The Percheron Horse

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O. Judd, 1868 - 100 pages
 

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Page 19 - The essential point is to prove that there was, at that period, a native race ; and if the extraordinary life formerly led there — if the aspect of the country, which must have been always fertile — if the historical inductions do not prove it, the universal tradition of the whole country should not leave us in any doubt in respect to the fact. Let us then take no account of the silence of historians. This silence is no proof of the non-existence of the Percheron. Most of these writers were...
Page 51 - The Percheron shows a very great analogy by his coat, conformation, character of race, mild disposition, and endurance, to the Arab, of which he seems to be the son, notwithstanding certain differences, the result of time, climate, and region in which he is bred and in which he lives. I have said that the Percheron exhibits in common with the Arab numerous marks of a common parentage and relationship; these marks are very obvious. A Percheron, a true Percheron...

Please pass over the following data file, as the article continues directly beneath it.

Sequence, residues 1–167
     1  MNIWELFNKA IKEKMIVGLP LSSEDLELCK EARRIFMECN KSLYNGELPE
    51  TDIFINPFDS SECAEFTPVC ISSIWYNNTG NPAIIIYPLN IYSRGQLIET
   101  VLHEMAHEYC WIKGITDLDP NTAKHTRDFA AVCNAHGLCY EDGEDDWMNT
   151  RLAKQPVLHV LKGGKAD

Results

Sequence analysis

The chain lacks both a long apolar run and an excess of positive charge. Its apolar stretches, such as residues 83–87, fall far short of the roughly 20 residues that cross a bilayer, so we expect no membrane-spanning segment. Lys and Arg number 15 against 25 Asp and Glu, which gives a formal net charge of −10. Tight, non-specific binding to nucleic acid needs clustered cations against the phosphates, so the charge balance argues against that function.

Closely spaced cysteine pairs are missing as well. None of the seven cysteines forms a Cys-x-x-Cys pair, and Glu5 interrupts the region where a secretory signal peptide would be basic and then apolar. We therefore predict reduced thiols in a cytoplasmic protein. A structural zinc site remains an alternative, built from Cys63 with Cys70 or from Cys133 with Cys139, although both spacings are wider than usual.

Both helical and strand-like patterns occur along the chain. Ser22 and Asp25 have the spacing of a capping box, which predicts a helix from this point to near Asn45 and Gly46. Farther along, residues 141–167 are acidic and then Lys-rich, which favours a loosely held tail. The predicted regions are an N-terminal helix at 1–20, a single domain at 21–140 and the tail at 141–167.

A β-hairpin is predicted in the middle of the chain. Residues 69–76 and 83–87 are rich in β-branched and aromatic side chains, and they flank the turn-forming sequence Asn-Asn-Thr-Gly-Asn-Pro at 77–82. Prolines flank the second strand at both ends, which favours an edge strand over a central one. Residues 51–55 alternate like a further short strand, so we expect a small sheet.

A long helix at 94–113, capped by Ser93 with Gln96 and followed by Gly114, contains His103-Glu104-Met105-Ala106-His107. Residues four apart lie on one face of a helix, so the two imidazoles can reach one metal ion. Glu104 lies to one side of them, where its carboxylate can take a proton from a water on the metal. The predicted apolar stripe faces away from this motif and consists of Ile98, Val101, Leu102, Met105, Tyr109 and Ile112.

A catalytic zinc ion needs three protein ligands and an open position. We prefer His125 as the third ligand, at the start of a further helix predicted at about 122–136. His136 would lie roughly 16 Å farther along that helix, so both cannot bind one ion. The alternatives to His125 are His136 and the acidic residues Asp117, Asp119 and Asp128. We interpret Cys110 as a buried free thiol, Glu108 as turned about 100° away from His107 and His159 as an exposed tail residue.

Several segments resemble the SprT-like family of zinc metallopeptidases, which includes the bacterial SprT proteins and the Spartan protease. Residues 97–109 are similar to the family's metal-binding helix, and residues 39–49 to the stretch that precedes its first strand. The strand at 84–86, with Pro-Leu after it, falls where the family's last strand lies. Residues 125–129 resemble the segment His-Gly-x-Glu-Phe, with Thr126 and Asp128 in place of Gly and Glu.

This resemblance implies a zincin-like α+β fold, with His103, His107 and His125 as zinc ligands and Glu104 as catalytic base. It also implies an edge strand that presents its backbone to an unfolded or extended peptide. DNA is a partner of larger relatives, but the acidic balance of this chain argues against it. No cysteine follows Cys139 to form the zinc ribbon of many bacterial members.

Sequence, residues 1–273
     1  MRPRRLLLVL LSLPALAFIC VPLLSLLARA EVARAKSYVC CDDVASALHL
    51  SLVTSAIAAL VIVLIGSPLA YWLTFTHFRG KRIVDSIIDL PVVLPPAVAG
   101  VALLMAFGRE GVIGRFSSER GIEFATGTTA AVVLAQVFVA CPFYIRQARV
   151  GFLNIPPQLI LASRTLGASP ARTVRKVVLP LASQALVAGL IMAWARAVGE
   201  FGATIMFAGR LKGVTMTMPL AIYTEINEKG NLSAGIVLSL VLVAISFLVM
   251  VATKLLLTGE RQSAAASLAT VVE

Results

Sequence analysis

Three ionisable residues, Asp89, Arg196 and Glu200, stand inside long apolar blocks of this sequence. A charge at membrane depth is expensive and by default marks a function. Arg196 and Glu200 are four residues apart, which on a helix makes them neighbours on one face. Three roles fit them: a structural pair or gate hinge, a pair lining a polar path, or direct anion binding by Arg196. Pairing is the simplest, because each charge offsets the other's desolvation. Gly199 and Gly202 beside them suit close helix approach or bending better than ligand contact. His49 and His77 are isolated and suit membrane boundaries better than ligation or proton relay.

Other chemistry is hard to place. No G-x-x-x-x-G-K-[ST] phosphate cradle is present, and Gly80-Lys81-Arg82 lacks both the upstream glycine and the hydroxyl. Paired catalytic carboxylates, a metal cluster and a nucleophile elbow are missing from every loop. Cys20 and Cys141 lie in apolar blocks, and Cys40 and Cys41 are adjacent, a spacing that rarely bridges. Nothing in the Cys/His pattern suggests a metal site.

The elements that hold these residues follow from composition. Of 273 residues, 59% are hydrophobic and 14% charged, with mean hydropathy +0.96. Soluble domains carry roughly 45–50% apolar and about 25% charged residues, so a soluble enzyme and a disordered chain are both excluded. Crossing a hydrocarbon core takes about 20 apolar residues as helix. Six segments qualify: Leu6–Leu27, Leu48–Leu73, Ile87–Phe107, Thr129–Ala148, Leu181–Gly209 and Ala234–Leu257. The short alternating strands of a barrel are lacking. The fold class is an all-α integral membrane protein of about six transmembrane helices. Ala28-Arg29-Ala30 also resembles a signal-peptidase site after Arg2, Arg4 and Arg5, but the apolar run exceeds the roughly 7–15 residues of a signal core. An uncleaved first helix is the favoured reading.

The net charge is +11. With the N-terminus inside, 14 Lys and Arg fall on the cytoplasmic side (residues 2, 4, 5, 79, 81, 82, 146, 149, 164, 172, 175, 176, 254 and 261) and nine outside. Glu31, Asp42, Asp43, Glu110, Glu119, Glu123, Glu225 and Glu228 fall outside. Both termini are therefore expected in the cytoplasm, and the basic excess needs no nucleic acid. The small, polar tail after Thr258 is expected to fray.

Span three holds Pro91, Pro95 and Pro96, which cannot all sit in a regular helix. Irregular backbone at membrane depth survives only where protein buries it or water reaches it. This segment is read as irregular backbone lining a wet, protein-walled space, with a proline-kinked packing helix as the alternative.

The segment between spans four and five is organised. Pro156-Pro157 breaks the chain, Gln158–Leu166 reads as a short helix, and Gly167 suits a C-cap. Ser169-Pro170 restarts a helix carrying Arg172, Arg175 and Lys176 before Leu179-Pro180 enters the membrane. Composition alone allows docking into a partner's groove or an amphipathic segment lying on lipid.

Page 18 - Courseroult ; these are liistorical facts which have their importance. Like chronicles, it is true, exist for other provinces — for Limousin, for Navarre, for Auvergne (the land of noble horses), also for Brittany and Maine ; but in the latter not the least sign of Eastern blood is perceptible. The fact is, the crusaders from all the French provinces naturally brought back with them more or less of the Eastern blood, which they had learned to appreciate on the...
Page 6 - It is particularly valuable for its astonishing precocity, and produces by its work, as a two-year-old, more than the cost of its feed and keep. Indeed, it loves, and shows a real aptness for labor, which is the lot of all. It knows neither the whims of bad humor nor nervous excitement. It bears for man, the companion of its labors, an innate confidence, and expresses to him a gentle familiarity, the fruit of an education for many generations in the midst of his family. Women and children, from whose...
Page 15 - The type intermediary between these two, partaking of the one by its lightness, and of the other by its muscular force. The latter is the most numerous, but it has much degenerated of late years ; and there is a tendency to its disappearance since the post-coach service, which formed it, has gradually given way to other means of conveyance. It has style, although the head is rather large and long; nostrils well...

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